“Now one of the Pharisees invited Jesus to have dinner with him, so he went…When a woman who had lived a sinful life in that town learned that Jesus was eating at the Pharisee’s house, she brought an alabaster jar of perfume…she stood behind him at his feet weeping, she began to wet his feet with her tears.” – Luke 7:36-38
Every Friday morning I get together with a couple of other pastors in my town for coffee and conversation. One is a Word of Faith pastor, the other is a Quaker pastor, and sometimes a youth pastor from a Baptist church shows up. I’m still badgering the Nazarene pastor to join us, but it’s his day off and a seven am meeting is tough for most pastors to rise for, especially on their day off.
At our last meeting, we were talking about the difficulty of leading people in praise and worship. Some Sunday’s are just amazing. People are lifting their voices and their hearts, they seem to want to linger in the presence of God, and you can sense a special presence of God in the sanctuary.
Other Sunday’s make you wonder why you even got out of bed. Everything seems to fall flat, few people seem interested, and we’re counting the minutes until the singing is over and we can move onto something else.
As we mulled over this strange phenomenon, I recalled the story about the woman who anointed Jesus with an alabaster jar of perfume and her tears. She heard that Jesus was going to be at Simon the Pharisee’s house, and she went there with one purpose in mind: anoint the Savior of her soul.
What intrigues me about this scene is that Simon is oblivious to the important presence of Jesus. Although he invited Jesus into his house, he proceeded to ignore Him, forgoing the usual courtesies granted a guest (Luke 7:44-46).
Now we have Jesus present in a house with two opposing reactions. One person came into the house prepared to worship, while the other was prepared to ignore their guest. I think the same thing happens in most churches every Sunday, and it may explain the different reactions we have to the worship that takes place.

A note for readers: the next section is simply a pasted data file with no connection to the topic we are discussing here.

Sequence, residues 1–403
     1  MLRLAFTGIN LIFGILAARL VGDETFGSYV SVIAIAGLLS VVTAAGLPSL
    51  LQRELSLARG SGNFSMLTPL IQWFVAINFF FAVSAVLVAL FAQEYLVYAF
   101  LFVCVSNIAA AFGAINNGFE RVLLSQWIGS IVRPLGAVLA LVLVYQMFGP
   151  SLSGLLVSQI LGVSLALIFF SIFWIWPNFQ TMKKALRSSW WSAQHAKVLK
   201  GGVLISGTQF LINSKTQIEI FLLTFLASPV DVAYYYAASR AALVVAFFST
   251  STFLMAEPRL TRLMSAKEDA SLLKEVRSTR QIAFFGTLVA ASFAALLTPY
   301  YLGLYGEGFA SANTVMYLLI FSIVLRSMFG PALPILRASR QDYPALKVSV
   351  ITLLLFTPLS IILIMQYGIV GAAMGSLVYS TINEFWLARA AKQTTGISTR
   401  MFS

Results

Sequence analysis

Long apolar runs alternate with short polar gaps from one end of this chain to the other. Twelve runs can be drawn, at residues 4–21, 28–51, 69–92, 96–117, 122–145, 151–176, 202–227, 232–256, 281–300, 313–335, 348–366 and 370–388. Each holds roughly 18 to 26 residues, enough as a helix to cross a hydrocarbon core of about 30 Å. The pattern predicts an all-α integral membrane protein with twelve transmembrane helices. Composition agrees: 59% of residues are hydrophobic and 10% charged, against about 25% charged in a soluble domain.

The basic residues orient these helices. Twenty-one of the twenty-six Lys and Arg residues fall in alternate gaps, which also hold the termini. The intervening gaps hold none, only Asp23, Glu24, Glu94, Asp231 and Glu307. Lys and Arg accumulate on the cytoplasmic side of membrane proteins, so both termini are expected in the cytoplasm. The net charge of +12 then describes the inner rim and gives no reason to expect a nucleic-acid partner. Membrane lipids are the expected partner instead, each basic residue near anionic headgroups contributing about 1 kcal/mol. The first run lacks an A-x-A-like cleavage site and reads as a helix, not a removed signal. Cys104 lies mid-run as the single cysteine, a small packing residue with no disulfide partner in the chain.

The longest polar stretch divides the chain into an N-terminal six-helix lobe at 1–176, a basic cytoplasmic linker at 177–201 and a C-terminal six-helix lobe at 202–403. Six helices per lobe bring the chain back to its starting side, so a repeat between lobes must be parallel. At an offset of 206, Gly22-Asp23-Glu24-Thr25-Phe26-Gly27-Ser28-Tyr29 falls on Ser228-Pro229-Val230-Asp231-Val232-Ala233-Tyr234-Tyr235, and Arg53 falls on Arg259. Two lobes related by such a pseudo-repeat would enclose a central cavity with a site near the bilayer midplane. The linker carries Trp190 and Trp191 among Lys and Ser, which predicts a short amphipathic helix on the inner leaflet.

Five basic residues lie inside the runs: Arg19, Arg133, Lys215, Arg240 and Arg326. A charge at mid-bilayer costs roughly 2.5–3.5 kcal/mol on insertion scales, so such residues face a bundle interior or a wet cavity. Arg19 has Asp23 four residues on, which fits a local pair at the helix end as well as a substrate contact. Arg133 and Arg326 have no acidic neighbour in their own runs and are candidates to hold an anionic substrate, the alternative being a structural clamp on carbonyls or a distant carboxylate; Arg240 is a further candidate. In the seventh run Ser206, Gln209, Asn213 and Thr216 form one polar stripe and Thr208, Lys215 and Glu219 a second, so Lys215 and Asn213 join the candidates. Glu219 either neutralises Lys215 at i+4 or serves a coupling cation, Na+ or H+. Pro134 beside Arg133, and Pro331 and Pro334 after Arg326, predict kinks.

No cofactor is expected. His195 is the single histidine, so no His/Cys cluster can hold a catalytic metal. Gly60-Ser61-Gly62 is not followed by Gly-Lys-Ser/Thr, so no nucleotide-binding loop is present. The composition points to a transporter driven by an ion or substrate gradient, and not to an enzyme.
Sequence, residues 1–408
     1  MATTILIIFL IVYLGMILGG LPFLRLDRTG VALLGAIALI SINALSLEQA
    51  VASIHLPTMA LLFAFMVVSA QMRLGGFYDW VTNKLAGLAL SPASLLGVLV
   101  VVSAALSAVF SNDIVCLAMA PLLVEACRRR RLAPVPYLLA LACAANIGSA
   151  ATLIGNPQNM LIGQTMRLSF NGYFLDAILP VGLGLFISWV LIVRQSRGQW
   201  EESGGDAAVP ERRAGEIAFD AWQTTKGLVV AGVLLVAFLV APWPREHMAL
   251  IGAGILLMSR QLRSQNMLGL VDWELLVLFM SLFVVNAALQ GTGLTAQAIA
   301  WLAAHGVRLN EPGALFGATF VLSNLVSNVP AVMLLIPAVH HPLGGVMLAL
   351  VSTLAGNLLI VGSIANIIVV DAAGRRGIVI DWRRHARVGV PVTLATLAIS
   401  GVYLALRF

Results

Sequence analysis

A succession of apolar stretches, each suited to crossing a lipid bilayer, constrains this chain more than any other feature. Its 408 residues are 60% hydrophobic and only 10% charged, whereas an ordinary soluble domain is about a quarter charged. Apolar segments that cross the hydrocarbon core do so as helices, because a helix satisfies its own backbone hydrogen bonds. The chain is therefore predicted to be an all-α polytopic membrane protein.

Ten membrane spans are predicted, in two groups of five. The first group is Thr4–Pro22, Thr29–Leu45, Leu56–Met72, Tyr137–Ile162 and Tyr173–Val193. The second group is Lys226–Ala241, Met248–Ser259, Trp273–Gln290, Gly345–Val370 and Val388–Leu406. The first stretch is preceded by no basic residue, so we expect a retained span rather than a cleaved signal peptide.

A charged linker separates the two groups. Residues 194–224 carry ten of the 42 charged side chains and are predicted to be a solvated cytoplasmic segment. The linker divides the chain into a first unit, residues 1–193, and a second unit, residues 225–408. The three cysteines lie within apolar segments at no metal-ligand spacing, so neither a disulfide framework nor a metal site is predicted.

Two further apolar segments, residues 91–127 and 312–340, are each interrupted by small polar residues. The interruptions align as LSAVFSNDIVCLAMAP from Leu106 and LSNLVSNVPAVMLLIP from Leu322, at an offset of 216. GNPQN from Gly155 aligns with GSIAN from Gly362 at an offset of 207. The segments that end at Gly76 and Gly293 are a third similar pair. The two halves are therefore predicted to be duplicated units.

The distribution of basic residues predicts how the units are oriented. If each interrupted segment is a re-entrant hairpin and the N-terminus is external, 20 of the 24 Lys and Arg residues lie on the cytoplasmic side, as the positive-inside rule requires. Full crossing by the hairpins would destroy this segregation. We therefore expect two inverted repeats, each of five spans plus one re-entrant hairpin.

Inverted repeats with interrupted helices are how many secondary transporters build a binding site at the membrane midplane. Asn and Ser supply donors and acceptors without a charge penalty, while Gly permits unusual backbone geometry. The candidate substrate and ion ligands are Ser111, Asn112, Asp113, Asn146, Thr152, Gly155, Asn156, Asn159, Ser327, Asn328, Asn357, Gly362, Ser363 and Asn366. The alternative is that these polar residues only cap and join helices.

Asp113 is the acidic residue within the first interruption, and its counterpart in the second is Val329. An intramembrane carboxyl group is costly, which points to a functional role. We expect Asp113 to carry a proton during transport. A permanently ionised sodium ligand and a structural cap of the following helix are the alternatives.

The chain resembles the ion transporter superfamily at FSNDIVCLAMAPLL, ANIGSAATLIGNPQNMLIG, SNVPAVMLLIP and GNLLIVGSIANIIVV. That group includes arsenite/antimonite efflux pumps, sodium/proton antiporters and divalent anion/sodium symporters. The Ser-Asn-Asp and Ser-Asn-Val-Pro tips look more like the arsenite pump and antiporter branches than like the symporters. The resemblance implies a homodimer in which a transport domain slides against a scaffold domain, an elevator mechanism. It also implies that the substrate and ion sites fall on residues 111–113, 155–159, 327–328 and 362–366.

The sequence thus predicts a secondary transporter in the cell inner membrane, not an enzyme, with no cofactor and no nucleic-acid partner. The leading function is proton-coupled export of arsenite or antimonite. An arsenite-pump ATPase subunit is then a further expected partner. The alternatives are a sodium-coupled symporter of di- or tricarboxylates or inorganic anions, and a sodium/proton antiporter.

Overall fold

Psalm 100:4 says, “Enter his gates with thanksgiving and his courts with praise.” This means before we even arrive in the church parking lot, we are preparing ourselves to enter into the presence of God and our fellow worshipers with thanksgiving and praise. It DOES NOT mean we stare down the worship leader and challenge him or her to bring us into the presence of God with an inspirational rendition of our most favorite song. Entering into the presence of God through worship is up to me, not the worship team.
This is what the weeping woman with the aroma of alabaster and tears is teaching me. She entered into the presence of Jesus and, in spite of the staring eyes and judgmental heart of the self-righteous religious in her midst, she simply worshiped. She lost herself in the moment, because at that moment the only two people in the room were her and Jesus.
I think that some days, most of the people who come to church come in wanting to worship God, and you can tell it from the warm and inviting atmosphere that is created. Other days, most of us are just going through the motions.
So, the next time you attend your place of worship, I encourage you to make up your mind to encounter Jesus. Begin your praises before you get to the parking lot. Ignore any religious Pharisees who are in the room and focus only on Jesus, who has come to encourage your worship. Next, share with others how this change has made a difference in the way you worship and sense the presence of God. Then, the next time your pastor meets with his friends, the topic won’t be how to engage the congregation in worship, but how God showed up and astounded us all.